Building a better toolbox: when to create our own solutions and when to use vendor tools? (Morag Stewart, University of Washington)

The shift to cloud computing and library service platforms (LSPs), while a brave step for library systems technology, has not necessarily resolved issues in technical services processing.  According to Marshall Breeding in his 2017 library systems report, “Real progress depends on building out these platforms to support the new areas of service emerging within each type of library." However, the services he references may not include ordering, receiving, and cataloging of physical materials.  What software and other tools, library-born and otherwise, do staff turn to in order to process, track, and catalog a diverse array of formats and materials when the vendor system just won’t do?

 

Crowdsourcing for technical services projects (Regina Romano Reynolds, U.S. ISSN Center, Library of Congress)

Technical services staffs are challenged by the need to take on new projects to bring existing collections under control and new types and sources of resources to acquire and catalog, all with often inadequate staffing. Crowdsourcing can help cover these gaps. The Library of Congress Flickr project and a developing Law Library of Congress project will be used as examples, along with some library menu transcription projects available for online participation.

 

Consortial Technical Services (Christine Dulaney, American University Library)

In order to increase efficiency and reduce redundancy, many libraries which are members of consortia are encouraging their technical services departments to work more collaboratively.  This type of collaboration can take many forms including sharing expertise, sharing workloads, sharing personnel, or centralizing technical services within a consortia. This roundtable will discuss consortial projects which technical services departments have completed as well as the challenges which were overcome. Are consortial technical services projects threatening or do they create opportunities?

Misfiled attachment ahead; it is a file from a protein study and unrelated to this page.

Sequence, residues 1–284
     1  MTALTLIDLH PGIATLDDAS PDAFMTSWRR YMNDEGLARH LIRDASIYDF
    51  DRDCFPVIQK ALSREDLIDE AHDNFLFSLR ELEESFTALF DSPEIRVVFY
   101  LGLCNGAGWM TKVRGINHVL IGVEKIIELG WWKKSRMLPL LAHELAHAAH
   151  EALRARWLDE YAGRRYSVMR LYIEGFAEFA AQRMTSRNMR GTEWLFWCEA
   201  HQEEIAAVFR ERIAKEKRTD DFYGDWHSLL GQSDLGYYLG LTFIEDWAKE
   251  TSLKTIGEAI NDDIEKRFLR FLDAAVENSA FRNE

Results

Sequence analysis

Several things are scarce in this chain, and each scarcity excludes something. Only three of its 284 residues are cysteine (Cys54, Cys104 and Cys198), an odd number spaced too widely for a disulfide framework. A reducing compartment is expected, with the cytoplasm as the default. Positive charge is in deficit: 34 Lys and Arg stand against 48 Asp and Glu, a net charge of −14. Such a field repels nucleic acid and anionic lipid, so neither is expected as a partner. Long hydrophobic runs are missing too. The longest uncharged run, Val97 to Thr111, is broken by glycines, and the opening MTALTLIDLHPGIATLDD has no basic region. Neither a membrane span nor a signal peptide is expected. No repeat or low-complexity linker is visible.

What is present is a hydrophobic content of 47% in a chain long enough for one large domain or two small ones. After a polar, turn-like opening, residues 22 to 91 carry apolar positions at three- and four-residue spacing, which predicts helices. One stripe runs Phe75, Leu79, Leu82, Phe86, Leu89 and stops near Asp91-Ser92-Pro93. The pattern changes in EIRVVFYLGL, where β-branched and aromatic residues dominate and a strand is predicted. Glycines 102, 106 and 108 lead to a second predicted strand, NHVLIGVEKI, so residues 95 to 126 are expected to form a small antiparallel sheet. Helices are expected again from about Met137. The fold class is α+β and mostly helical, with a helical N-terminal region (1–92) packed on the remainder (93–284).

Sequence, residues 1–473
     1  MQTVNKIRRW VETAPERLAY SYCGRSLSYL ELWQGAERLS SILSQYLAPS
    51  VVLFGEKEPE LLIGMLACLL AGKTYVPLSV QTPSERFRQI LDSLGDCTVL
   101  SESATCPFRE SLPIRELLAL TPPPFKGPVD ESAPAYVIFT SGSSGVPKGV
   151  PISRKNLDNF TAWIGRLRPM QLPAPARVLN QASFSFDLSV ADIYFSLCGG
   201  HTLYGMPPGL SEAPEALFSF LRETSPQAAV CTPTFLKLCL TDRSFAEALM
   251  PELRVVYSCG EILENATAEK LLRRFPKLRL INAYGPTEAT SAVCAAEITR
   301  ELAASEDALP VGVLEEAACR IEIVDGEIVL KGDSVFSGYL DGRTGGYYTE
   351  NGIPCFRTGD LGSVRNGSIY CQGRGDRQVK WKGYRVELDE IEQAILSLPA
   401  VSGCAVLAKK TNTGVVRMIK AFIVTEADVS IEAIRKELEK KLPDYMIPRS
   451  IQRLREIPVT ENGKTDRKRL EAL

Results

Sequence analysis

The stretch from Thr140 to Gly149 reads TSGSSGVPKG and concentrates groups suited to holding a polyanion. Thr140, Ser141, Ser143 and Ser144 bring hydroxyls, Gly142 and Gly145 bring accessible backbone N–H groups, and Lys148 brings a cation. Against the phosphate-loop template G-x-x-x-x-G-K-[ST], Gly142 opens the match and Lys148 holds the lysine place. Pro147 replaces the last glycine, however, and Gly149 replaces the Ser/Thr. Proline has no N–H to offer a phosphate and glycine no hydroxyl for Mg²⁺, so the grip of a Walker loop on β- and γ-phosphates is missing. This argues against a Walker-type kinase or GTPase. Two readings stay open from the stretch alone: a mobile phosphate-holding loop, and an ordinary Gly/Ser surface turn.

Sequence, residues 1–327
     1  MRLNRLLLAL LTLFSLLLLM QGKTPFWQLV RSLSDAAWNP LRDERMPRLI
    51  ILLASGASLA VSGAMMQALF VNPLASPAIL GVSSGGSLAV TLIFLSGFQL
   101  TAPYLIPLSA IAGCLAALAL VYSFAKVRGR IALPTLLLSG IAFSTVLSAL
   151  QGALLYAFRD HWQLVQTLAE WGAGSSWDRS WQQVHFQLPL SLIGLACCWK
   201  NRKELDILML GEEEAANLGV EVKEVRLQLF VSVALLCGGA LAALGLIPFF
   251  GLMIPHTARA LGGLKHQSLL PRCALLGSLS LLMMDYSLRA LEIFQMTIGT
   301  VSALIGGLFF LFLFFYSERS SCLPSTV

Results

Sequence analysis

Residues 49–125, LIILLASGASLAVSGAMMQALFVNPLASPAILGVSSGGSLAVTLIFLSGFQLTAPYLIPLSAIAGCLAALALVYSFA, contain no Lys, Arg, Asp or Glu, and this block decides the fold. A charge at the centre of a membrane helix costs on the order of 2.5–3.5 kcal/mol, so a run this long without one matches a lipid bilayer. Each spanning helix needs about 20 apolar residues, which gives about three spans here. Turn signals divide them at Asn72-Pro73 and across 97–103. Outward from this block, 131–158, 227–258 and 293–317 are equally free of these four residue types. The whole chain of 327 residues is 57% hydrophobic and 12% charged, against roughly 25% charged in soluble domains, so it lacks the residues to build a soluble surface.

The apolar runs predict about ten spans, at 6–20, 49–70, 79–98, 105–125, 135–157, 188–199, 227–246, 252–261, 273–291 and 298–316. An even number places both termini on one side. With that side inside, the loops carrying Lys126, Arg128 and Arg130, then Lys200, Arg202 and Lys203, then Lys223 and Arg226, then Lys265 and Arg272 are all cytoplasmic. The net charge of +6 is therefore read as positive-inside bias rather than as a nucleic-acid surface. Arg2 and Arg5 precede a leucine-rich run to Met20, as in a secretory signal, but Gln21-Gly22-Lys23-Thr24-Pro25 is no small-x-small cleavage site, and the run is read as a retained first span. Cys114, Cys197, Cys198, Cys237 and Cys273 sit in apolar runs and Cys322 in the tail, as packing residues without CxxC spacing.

Data-oriented technical services in academic libraries (Haiqing Lin, C.V. Starr East Asian Library University of California Berkeley; Karen Yu, University of Chicago Library)

To response to the growing field of data-driven scholarship, academic libraries have begun to develop data collection and provide data-related services to researchers. However, how to organize data collection in order to make those research data accessible becomes paramount importance and presents a challenge to academic library community, in particular, technical services community. The emerging data collection and data-related service model are so different with traditional library resources and services, it is impossible to simply apply existing resources description methods to organize data collection. A new data description and access framework and service model, data-oriented technical service, need to be developed to meet the requirements of data-related services. This discussion will be conceived as a brainstorming session where participants will be able to present their idea about this new service model at academic libraries. The discussion will be focused on following issues,

• How to describe data, including data set and single piece of data

• How to represent data combining with metadata

• How to publish data, including data sets and single piece of data

• How to bring our existing  experiences to new data-oriented services model